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The Ohio Supreme Court ordered the seven-member Ohio Redistricting Commission to redraw maps for state House and Senate districts – imposing a tight deadline and creating a slew of new questions.
Now, the commission has 10 days to get back together, craft new maps and approve them. If the maps receive bipartisan support from two Democrats and at least two Republicans, they could last for 10 years. If they are passed along party lines again, they would last for four years.
The Ohio Supreme Court, in its 4-3 decision, made clear that the commission must follow all of the voter-approved changes to the Ohio Constitution to curb gerrymandering. That includes Section 6, which required the commission to attempt to match the statewide voting preferences of Ohioans.
Justice Melody Stewart, writing for the majority, defined Ohio's statewide preferences as about 54% of voters preferring GOP candidates and about 46% preferring Democratic candidates over the past decade.
"The commission is required to attempt to draw a plan in which the statewide proportion of Republican-leaning districts to Democratic-leaning districts closely corresponds to those percentages," she wrote.
Senate President Matt Huffman, R-Lima, said he hasn't yet read the decision himself. "Our lawyers are trying to figure out what it will take for us to comply with whatever it is that the court ordered."
Huffman and fellow Republicans had argued that the section that dealt with statewide voting preferences was aspirational. "They disagreed with me, but they're the court and that's what matters," he said.
A tight turnaround and a failure of leadership?
The commission – which includes four lawmakers and three statewide elected officials – struggled to work together and reach a consensus on the last maps. Now, they must draw new ones under a much tighter deadline.
Ohio Republican Party Chairman Bob Paduchik wasn't pleased with the short turnaround, saying in a statement: "It’s a failure of leadership of the Chief Justice to take 90 days to make this decision and leave only 10 days for the commission to clean it up. She is responsible for this mess."
Senate Minority Leader Kenny Yuko, however, said the commission should be up to the task that voters set out for them.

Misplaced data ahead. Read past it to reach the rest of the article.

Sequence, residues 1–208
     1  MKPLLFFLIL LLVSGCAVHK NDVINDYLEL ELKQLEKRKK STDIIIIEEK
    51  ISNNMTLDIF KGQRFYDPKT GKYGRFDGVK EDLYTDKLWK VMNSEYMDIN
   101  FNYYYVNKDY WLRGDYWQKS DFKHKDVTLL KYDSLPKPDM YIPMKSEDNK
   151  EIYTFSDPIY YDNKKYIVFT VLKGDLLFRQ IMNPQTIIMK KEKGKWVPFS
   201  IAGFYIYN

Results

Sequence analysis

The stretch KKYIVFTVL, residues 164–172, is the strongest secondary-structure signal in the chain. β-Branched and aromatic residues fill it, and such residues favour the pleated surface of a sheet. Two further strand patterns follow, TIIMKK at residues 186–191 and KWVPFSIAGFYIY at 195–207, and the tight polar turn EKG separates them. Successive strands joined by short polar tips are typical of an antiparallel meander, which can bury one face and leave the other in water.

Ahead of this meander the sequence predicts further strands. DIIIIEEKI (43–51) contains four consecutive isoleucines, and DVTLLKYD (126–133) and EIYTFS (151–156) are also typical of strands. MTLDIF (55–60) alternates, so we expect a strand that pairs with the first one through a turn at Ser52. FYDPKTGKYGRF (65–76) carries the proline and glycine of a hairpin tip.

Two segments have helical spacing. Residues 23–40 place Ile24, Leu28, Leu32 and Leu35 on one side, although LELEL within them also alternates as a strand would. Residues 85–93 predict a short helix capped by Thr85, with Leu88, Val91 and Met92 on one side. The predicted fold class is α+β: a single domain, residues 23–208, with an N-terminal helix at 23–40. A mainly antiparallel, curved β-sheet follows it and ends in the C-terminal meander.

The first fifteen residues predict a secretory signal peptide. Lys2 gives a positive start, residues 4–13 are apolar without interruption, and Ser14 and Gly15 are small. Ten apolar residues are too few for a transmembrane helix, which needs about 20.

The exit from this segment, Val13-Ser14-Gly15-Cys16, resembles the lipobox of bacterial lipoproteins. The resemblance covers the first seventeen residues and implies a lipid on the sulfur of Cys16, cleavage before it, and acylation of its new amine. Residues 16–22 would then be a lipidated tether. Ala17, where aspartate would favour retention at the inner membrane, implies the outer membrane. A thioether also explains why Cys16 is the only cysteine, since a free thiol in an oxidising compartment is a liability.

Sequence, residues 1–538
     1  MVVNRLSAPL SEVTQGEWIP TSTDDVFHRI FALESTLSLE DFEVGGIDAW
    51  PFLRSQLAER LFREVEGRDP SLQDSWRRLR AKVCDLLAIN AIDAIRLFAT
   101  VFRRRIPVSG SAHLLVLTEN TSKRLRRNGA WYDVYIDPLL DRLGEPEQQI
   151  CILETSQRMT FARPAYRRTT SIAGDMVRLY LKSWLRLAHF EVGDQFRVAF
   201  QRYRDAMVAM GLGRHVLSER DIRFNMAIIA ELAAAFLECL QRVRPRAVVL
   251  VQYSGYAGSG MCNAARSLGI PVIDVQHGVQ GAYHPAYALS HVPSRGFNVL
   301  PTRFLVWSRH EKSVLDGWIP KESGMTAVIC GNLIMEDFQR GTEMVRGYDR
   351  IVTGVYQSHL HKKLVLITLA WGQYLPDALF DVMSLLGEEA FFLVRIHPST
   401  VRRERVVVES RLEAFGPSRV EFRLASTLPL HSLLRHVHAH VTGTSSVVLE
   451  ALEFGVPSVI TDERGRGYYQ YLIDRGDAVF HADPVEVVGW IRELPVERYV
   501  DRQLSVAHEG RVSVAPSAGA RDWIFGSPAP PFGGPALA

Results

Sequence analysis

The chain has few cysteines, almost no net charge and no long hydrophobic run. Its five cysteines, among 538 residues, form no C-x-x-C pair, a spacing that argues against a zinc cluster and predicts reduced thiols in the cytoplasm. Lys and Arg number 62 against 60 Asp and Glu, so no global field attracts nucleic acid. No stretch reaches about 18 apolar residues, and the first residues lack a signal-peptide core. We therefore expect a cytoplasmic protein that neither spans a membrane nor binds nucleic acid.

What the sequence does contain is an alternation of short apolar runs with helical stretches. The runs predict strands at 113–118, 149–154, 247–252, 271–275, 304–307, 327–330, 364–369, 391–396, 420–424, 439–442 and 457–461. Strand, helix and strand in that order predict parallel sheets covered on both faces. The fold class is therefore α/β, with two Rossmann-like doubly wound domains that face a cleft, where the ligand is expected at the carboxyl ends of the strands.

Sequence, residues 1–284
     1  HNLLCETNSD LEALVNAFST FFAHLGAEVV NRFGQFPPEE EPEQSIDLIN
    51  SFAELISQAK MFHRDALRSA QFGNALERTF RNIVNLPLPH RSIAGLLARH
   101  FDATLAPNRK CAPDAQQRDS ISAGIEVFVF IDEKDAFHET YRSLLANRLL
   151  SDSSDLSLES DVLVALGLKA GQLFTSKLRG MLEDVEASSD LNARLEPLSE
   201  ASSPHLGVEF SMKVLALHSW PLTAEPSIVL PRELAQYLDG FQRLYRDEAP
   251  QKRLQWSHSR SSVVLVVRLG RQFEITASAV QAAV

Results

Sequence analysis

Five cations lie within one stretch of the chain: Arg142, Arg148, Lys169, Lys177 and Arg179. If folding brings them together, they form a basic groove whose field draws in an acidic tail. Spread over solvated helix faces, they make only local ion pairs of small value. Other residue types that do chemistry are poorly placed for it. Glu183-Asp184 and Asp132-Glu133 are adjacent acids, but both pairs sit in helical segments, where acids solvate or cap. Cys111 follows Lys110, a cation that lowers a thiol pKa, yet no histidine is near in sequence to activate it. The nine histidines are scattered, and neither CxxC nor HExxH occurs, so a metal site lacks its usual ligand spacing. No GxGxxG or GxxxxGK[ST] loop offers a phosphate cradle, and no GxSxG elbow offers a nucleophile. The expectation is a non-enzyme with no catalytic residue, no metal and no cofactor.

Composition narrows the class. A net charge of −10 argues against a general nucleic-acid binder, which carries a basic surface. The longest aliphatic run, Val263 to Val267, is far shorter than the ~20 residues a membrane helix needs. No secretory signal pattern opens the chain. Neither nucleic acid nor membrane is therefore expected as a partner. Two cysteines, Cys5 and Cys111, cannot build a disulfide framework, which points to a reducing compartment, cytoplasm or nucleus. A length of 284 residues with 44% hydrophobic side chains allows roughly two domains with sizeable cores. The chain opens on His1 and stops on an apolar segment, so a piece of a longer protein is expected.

"This is our opportunity to listen to the people, to listen to the Supreme Court and move this thing forward," said Yuko, D-Richmond Heights.
Once the map is approved, those who filed lawsuits will have three days to file any objections. That could trigger another Ohio Supreme Court review.
"In theory, we do a map, we send it over, they don't like it, they send it back, we do another map," Huffman said. "I don't know how many times that happens."
Who will be on the Commission?
The commission was dissolved after the last maps, so it would need to be reconstituted – and that could mean different lawmakers on the panel.
Yuko said he would appoint Sen. Vernon Sykes again. Rep. Allison Russo, D-Upper Arlington, who was recently selected as House minority leader, will serve on the commission as well.
Huffman said he hadn't decided yet if he would appoint himself to the commission again. A House GOP spokesman did not immediately respond to a question about whether Speaker Bob Cupp would be on the commission again.
Three members are already set: Gov. Mike DeWine, Ohio Secretary of State Frank LaRose and Ohio Auditor Keith Faber.
What happens to the primary?
Meanwhile, another deadline is looming: the Feb. 2 deadline for statehouse candidates to file paperwork to run in legislative districts that currently don't exist.
“I don’t see any reasonable way that the General Assembly members or candidates can be ready to file by Feb. 2. We don’t know what the districts are," Huffman told WIMA Radio in Lima. "One thing that we have to consider now is do we change the May 3rd primary?"
Moving a primary is a monumental task – as Ohio learned when DeWine's administration delayed the 2020 primary election to prevent the spread of COVID-19.
"My preference is not moving the primary. That causes a variety of problems," Huffman said.
Ohio lawmakers could instead change the filing deadline for House and Senate candidates.
"You can solve the filing deadline by moving that back 30 days, but somebody has to do that – either the Legislature or perhaps the court can order it," Huffman said.
Ohio Democratic Party Chairwoman Liz Walters agreed with that approach and didn't want to move the primary.
Rep. Bill Seitz, R-Green Township, offered another option: Lawmakers could lower the number of signatures needed to make the ballot – currently 50 – or relax where those signatures needed to come from.
"I am certainly not inclined to move any dates," said Seitz, adding that it wasn't candidates' faults that "egregious judicial overreach" had created a time crunch to collect signatures.
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Jessie Balmert is a reporter for the USA TODAY Network Ohio Bureau, which serves the Akron Beacon Journal, Cincinnati Enquirer, Columbus Dispatch and 18 other affiliated news organizations across Ohio.
This article originally appeared on The Columbus Dispatch: The Ohio Supreme Court struck down legislative maps. What comes next?